Friday, September 28, 2007

Give The Experts A Chance

By Cernig

When the Bush administration were exorting everyone to listen to the experts on the ground and give them just another Friedman Unit of time in Iraq as part of their "surge for the surge", I wonder if it occured to them what the most obvious blowback would be?
The U.N. Security Council probably will delay a move to impose new sanctions against Iran until December, when U.N. weapons inspectors conclude a review of Iran's past nuclear activities, French Foreign Minister Bernard Kouchner said Thursday.

Kouchner, speaking at a breakfast with reporters, said Russian Foreign Minister Sergei Lavrov made it clear in talks last week in Moscow that he would not consider Security Council sanctions over the next three months.

Kouchner's remarks came a day before Secretary of State Condoleezza Rice is scheduled to discuss a diplomatic reaction to Iran's nuclear activity with the council's four other permanent members -- Britain, China, France and Russia -- plus Germany. The United States hopes to use the meeting to build support for tougher action against Iran, which has repeatedly ignored demands from the council to halt its enrichment of uranium.
The administration and the Senate seem willing to ignore their own logic. It's a hell of a thing when Russia, of all nations, must remind America that what's good for the goose is good for the gander.

Update The Bush administration and its allies have agreed to delay their push for further sanctions against Iran.
Six key nations agreed Friday to delay until November a new U.N. resolution that would toughen sanctions against Iran, waiting to see if Tehran answers questions about its disputed nuclear program.

A joint statement from the U.S., Russia, China, Britain, France and Germany said they would finalize the new resolution and bring it to a vote unless reports in November from the chief U.N. nuclear official and the European Union's foreign policy chief ``show a positive outcome of their efforts.''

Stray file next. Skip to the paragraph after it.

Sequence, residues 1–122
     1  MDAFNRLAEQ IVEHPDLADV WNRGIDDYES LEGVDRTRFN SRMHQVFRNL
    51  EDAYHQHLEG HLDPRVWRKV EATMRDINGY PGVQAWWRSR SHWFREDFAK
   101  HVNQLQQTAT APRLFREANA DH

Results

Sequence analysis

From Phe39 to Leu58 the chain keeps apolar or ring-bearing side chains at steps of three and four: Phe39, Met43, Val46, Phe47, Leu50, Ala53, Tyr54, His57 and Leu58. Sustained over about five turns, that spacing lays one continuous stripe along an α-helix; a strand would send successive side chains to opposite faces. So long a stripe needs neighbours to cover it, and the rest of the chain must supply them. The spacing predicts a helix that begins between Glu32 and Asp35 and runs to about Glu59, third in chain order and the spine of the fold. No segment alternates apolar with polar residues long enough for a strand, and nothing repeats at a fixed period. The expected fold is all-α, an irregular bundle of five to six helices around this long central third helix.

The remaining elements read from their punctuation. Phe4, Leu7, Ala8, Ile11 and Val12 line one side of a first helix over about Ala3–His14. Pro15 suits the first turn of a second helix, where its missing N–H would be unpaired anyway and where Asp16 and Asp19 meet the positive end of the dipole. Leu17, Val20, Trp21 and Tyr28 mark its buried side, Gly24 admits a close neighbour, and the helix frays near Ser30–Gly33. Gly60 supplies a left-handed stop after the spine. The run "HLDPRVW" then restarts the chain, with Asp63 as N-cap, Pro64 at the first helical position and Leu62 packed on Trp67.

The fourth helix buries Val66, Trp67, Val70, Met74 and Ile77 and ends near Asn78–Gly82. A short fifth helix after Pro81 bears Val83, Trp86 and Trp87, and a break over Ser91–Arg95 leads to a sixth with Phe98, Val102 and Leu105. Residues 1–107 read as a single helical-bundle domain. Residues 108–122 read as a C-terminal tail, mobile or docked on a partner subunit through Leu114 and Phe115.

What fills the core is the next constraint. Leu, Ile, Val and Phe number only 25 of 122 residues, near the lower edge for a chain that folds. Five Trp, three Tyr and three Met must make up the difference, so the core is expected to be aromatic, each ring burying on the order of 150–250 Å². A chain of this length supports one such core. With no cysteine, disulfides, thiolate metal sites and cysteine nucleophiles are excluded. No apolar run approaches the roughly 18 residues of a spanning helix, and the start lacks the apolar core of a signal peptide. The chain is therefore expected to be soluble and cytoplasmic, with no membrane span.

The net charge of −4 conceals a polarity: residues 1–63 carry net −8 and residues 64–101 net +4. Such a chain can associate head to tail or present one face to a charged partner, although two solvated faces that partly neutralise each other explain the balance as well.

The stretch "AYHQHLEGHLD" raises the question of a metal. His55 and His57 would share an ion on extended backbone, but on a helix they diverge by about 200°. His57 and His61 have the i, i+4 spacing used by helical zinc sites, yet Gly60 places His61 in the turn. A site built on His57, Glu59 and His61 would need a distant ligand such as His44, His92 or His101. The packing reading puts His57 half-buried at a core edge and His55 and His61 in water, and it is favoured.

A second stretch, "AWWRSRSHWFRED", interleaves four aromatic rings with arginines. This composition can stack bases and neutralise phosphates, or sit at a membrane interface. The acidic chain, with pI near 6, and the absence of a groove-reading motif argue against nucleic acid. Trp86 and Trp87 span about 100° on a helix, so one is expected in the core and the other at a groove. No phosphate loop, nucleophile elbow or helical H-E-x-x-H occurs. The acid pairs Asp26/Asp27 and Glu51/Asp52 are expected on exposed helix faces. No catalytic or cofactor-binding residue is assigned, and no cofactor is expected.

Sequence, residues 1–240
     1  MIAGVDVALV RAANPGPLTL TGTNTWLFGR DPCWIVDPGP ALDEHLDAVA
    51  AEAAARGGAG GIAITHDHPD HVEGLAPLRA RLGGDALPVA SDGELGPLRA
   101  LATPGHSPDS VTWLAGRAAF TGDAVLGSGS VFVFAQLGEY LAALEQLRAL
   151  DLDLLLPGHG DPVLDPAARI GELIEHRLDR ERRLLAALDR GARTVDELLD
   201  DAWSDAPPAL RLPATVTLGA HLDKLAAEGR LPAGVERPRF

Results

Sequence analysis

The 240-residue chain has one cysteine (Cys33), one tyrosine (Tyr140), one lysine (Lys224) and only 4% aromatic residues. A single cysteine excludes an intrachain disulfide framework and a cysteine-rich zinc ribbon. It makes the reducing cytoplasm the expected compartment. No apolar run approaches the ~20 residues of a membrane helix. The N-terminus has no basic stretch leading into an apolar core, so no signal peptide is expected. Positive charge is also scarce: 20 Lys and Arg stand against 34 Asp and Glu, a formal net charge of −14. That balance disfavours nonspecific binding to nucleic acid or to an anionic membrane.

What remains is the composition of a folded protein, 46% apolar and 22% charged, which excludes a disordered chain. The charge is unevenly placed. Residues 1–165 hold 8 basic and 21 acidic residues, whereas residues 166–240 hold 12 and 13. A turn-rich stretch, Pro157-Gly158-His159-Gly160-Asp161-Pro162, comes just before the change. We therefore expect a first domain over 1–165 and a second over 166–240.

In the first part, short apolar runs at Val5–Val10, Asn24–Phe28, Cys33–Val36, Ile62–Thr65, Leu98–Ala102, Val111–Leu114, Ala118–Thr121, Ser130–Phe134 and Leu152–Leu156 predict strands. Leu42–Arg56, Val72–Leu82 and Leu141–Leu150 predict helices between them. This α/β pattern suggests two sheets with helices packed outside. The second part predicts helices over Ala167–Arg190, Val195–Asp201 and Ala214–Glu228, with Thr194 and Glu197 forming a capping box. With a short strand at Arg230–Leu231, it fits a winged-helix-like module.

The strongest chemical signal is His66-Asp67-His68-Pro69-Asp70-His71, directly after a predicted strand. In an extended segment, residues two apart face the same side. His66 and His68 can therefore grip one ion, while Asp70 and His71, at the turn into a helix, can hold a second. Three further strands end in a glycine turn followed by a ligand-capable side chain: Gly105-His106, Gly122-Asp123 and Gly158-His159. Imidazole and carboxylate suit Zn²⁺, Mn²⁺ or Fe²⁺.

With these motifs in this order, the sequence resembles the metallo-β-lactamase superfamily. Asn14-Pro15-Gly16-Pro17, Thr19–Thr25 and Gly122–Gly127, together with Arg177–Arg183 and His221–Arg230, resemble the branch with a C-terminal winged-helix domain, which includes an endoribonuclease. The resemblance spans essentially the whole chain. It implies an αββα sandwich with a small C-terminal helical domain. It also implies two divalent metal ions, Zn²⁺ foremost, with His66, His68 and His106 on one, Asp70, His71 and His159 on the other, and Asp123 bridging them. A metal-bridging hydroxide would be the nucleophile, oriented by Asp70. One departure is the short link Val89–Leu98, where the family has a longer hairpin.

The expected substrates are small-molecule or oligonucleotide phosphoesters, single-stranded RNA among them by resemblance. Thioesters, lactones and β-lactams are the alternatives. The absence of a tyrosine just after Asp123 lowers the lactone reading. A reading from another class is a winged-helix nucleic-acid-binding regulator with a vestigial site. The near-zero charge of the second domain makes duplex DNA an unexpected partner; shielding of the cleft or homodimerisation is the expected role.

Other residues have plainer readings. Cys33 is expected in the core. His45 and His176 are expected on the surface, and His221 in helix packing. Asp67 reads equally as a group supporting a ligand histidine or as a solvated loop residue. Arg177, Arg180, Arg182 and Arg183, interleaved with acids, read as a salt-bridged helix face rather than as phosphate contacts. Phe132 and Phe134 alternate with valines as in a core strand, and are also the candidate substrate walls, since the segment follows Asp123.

The United States, Britain and France had been pushing for new sanctions now to pressure Iran to suspend uranium enrichment, but Russia and China wanted to give Tehran more time to comply with U.N. inspectors.

Asked whether the agreement was tantamount to a cave-in by the United States, Nicholas Burns, the State Department's No. 3 diplomat, said ``the alchemy of this group is such that anything is going to be a compromise.''

He said the statement sent ``a very tough and strict message to Iran.''

....nuclear chief Mohamed ElBaradei and Iranian officials agreed in July that Tehran would answer questions from agency experts by December on more than two decades of nuclear activity - most of it secret until revealed more than four years ago. Technical officials from the International Atomic Energy Agency returned to Tehran this week to start probing outstanding questions, some with possible weapons applications.

In the statement, the six countries welcomed the IAEA agreement with Iran.

``We call upon Iran, however, to produce tangible results rapidly and effectively by clarifying all outstanding issues and concerns on Iran's nuclear program including topics which could have the military nuclear dimension,'' the statement said.

``Full transparency and cooperation by Iran with the IAEA is essential in order to address outstanding concerns,'' it said.
I say let the experts do their jobs. If the full measure of time was good enough for Petreaus then it is good enough for the IAEA. If Iran doesn't co-operate fully, then the IAEA will say so.

And if the Agency comes back and says Iran answered all its questions in a satisfactory manner, then the U.S. should drop its demand that Iran stop uranium enrichment before face-to-face negotiations can take place. Enrichment when it is not aimed at weapons production is allowable under the NPT and demanding that Iran give up that right as a starting point on negotiations on whether it should permanently halt such enrichment is simply a deliberate attempt to back it into a diplomatic corner in pursuit of a pretext for war.

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